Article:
Serenity Prayer

by | Feb 22, 2016 | 2016, Musings | 0 comments

Everyone has probably heard the ‘Serenity Prayer” that is used in many of the well known 12 step programs. It says, “God, grant me the serenity to accept the things I cannot change; the courage to change the things I can; and the wisdom to know the difference.

One of the relationship classes at my church uses a slightly altered version. It says: “God grant me the serenity to accept the people I cannot change; the courage to change the one I can; and the wisdom to know –it’s me!

This version of the prayer highlights the basic principle that we all know about relationships: the only person in a tussle that we can actually change is us!

Conflicts arise in every relationship. The tendency is to focus on what the other guy or gal needs to change. Somehow it is so much easier to see the splinter in our mate or friend’s eye than to confront the tree trunk stuck in our own (Matthew 7:3).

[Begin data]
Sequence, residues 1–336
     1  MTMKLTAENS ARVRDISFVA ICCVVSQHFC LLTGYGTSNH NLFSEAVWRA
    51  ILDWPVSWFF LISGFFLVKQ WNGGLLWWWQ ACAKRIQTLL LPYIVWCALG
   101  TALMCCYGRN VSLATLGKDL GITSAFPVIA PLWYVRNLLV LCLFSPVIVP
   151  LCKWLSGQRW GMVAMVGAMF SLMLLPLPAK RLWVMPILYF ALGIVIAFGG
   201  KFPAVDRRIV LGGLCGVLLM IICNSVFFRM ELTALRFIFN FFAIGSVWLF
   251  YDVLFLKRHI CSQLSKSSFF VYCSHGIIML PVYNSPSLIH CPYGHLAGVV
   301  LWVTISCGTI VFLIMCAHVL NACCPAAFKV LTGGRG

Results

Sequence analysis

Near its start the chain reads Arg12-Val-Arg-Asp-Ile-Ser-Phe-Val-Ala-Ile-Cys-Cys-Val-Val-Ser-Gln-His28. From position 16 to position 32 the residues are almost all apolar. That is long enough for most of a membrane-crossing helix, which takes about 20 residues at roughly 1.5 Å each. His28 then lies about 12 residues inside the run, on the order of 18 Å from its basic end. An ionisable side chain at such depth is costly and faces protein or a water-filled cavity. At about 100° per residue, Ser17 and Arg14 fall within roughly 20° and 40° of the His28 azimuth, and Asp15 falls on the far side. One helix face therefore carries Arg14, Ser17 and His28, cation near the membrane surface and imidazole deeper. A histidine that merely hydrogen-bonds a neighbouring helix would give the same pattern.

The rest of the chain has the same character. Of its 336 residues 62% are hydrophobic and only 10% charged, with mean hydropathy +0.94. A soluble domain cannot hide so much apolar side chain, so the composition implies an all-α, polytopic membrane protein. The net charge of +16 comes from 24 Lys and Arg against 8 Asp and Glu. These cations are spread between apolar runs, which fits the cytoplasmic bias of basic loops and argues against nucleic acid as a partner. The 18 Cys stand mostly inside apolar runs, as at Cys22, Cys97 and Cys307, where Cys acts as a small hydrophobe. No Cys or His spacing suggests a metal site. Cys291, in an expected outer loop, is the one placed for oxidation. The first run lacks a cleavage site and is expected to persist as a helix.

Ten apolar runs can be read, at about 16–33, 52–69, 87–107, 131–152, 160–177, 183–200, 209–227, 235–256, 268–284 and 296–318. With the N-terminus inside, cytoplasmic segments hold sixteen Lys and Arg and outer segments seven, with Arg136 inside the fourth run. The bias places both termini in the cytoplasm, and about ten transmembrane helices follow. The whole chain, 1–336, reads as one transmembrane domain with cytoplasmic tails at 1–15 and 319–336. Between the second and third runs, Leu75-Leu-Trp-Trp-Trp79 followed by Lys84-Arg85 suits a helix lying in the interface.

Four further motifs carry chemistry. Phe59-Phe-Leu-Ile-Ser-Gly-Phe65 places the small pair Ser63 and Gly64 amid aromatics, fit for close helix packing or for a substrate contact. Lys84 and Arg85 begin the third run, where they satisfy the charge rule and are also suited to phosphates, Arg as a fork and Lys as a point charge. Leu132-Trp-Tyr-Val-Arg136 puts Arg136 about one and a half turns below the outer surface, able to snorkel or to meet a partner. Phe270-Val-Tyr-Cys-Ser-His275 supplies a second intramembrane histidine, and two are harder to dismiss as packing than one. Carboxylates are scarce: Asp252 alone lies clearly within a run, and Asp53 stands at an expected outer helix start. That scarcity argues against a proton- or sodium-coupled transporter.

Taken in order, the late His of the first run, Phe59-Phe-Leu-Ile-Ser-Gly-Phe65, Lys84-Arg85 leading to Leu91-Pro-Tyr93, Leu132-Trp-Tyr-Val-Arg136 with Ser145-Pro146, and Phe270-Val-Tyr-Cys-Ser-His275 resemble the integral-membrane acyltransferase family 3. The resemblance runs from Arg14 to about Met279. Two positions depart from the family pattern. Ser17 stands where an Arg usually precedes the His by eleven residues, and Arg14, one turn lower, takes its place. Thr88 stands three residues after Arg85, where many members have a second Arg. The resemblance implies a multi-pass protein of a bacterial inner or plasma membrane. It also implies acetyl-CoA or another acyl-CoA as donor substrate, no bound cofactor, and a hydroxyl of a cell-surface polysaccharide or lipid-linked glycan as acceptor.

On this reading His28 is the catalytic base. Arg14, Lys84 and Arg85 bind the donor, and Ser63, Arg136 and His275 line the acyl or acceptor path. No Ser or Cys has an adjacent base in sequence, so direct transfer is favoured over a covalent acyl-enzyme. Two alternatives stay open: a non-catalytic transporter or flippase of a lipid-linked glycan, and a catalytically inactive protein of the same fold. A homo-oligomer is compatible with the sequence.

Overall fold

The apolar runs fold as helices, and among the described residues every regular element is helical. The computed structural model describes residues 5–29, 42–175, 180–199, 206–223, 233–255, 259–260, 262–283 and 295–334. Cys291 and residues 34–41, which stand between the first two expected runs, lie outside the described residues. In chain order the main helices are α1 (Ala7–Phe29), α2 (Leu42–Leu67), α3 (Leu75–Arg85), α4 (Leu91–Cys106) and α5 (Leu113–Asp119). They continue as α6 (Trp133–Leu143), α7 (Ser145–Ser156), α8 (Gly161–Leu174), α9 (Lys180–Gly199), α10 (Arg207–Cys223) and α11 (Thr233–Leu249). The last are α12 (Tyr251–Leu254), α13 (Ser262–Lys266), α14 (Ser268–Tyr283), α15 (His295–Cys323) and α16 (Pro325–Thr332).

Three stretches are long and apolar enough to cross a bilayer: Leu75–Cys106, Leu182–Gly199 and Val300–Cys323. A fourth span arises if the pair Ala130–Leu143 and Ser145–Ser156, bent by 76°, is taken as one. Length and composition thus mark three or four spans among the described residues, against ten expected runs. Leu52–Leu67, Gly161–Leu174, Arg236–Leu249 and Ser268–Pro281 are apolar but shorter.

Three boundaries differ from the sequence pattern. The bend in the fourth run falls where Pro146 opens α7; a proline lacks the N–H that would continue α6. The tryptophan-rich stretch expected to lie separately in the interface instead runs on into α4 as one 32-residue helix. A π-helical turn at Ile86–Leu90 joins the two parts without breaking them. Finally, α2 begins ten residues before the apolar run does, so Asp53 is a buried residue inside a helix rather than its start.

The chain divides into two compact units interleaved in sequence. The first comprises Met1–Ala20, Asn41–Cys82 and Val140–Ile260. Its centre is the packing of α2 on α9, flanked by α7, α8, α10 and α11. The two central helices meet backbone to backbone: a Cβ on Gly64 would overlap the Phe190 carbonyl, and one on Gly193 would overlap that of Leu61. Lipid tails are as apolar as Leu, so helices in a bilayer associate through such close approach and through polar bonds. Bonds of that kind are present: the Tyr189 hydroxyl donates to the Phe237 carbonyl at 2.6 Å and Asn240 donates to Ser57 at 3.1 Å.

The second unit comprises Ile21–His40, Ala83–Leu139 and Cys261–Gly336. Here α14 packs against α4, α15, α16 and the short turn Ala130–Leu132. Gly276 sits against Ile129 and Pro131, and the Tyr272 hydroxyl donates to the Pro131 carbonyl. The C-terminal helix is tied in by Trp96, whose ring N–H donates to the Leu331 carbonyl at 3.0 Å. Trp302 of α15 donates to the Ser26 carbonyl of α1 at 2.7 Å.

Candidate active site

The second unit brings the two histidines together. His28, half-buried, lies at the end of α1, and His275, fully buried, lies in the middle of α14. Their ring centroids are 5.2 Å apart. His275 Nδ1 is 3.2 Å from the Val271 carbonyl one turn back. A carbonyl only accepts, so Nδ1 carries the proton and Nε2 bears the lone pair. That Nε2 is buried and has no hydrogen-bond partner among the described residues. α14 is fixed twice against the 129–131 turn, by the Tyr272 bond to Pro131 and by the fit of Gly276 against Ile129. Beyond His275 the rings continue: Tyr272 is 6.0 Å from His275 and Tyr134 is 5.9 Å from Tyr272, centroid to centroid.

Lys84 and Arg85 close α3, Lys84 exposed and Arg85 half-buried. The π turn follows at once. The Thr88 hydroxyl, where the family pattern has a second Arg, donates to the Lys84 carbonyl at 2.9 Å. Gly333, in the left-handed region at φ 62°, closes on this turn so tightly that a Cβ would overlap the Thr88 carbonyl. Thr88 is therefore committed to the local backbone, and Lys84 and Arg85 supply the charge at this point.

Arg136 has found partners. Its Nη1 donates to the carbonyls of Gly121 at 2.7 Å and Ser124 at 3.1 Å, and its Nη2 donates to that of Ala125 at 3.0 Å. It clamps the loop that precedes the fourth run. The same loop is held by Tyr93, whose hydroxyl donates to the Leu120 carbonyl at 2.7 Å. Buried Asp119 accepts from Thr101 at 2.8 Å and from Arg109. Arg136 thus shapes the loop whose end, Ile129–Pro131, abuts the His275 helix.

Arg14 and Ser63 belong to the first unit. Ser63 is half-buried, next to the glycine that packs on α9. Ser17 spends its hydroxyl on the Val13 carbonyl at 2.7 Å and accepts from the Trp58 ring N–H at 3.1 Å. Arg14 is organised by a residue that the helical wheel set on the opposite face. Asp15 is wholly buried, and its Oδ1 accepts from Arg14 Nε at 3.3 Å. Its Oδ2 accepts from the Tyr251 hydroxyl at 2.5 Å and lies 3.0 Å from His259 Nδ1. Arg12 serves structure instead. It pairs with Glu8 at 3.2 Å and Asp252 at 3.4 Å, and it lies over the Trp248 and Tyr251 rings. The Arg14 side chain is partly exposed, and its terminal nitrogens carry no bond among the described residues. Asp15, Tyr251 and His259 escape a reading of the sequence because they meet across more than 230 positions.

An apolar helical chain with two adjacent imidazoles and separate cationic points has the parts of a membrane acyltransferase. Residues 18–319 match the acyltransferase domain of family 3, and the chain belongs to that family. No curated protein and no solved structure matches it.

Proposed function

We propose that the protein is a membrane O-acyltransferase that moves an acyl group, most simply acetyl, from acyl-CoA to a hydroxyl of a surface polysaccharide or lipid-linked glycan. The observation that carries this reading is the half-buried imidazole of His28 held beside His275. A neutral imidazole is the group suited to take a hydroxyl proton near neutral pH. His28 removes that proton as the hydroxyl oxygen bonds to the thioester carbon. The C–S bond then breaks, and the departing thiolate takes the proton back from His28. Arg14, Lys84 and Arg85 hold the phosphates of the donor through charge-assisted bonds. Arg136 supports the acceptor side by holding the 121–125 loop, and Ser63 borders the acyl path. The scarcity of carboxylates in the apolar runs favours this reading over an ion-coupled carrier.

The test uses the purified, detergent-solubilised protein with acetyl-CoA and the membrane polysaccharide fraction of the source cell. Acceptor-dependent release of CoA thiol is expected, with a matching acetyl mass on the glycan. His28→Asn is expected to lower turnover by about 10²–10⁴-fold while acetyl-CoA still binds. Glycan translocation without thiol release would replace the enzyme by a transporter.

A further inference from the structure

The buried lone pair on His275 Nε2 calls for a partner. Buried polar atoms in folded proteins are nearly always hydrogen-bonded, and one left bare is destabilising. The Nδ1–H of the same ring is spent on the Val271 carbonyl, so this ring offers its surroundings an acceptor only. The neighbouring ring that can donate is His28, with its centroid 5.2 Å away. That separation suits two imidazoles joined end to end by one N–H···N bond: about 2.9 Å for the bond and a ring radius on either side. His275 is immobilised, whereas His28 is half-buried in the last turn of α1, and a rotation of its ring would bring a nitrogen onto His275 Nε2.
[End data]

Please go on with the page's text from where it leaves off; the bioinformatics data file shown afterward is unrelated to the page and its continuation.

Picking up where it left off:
Although it definitely “takes two to tango” and both parties share the responsibility for resolving any conflict, it is a waste of time to focus on the list of reasons why the other guy is wrong.

People only change if they “see the light” or “feel the heat.” And creating those kinds of pressure is the Lord’s job, not ours.

In order to achieve the relational peace that we all crave, we have to start with aligning our will to our heavenly Father’s. A practical, positive step might be to pause in front of a good mirror. The one in the bathroom will do. Let’s stop focusing on any externals, and use that reflection to stare deep down into our own hearts.

What attitude has to go? After a clash, what action should we take? What poor communication habit should we break? How can we apply grace to the situation? Have we prayed through our anger?

mirrorAs we stand before that mirror, we need to find the courage to face ourselves and propose real, personal change. Serenity in a relationship only comes when we are courageous enough to change ourselves…first!


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